The 19th century Dubois Collection is worldfamous and, consists of more than 40,000 fossils from Pleistocene vertebrates of Indonesia. The crown jewels are the femur, molar and skull-cap of Homo erectus, which are on display in the museum. Another important collection from Indonesia is the Martin Collection, which consists of fossil shells from the Cenozoic of Java. This collection contains almost 2000 type lots, which are the basis for the scientific names of many molluscs from the Indo-Pacific.

Naturalis houses many Pleistocene vertebrates from the Netherlands and the surrounding area (North Sea), including the largest collection of woolly mammoth bones in the world. Other species represented are woolly rhino, bisons, giant deer, cave hyena and cave lion, all dating to about 50.000 years BP. Older periods are represented by the Tegelen (Tiglian) collection covering over 5000 dental Late Pliocene elements of small mammals and numerous remains of reptiles and amphibians. The Miste Collection from the famous locality 'Miste' near Winterswijk, the Netherlands, is evidence of a subtropical fauna during the Middle Miocene of the North Sea Basin area with over 500 species of molluscs. Other molluscs have been collected  from the Dutch beaches and estuaries, with over 600 species currently present in the collection.

Skull-cap of Homo erectus
 Emerald crystal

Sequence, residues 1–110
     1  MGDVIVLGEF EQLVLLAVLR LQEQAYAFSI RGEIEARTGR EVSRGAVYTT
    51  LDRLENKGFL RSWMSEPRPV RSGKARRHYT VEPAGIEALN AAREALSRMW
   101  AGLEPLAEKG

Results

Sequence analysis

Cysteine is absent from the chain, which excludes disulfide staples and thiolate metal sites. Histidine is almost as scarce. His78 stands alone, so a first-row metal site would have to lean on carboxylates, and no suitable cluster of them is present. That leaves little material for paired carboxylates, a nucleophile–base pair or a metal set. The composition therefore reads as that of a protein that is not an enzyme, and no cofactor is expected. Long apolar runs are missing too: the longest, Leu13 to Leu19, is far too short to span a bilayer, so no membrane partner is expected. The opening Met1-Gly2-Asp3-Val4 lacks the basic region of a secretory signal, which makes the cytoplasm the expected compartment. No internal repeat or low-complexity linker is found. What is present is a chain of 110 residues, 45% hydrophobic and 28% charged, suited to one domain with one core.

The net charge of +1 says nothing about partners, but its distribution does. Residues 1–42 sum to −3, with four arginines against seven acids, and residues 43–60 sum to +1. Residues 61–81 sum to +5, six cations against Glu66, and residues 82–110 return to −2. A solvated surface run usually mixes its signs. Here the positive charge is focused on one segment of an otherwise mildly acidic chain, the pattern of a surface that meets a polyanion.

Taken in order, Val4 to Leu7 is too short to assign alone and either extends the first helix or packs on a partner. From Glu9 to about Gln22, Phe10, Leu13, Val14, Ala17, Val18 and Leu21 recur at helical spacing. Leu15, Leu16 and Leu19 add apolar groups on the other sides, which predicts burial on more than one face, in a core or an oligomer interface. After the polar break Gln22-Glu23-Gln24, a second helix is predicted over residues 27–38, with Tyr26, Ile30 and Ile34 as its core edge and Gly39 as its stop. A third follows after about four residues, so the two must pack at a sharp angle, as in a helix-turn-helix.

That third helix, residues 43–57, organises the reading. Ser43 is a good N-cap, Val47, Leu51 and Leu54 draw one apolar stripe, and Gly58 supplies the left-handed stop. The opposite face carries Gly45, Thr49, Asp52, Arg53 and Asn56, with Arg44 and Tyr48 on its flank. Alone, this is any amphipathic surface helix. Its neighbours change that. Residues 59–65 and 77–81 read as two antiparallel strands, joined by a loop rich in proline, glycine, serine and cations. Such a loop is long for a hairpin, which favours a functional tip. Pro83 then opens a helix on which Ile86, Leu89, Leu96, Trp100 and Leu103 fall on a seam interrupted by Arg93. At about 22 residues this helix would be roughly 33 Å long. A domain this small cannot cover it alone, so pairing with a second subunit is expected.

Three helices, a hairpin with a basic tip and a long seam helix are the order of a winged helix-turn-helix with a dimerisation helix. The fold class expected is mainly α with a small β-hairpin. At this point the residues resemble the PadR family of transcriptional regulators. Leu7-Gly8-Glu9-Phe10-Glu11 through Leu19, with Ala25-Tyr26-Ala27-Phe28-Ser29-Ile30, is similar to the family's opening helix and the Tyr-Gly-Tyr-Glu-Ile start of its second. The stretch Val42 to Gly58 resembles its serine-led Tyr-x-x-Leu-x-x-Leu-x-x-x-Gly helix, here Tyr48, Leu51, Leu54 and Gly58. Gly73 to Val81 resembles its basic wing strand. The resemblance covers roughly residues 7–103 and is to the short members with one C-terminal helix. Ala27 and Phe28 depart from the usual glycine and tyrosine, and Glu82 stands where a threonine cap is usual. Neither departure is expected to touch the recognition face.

• One of the most significant collections from other parts of Europe is the Gargano collection of Neogene mammals. It has in it some remarkable species such as the giant hedgehog Deinogalerix and the five-horned artiodactyle Hoplitomeryx. It is the largest in the world, with tens of thousands of fossils.
  • From the UK there is the Reid & Reid collection of fossil seeds, which marks the boundary between the Tertiary and Quaternary.
  • A special category is formed by the collections of unbalanced endemic island faunas of vertebrate fossils from Flores, Sulawesi, Cyprus, Majorca and Crete, including strange island forms like giant rats and pygmy elephants.

Mineraloog Frances Versluis neemt je mee voor een kijkje achter de schermen bij de geologische collectie van het TU Delft Science Centre en Naturalis. In haar serie Frances' Mineral Madness laat ze de meest bijzondere objecten zien, van woestijnroos tot de kwartshuisjes van schietmotlarven.

Je kan de gehele videoserie terugkijken met de YouTube playlist. Klik hier

Het logo van Frances' Mineral Madness
External video URL
Mineraloog Frances Versluis met een stuk calciet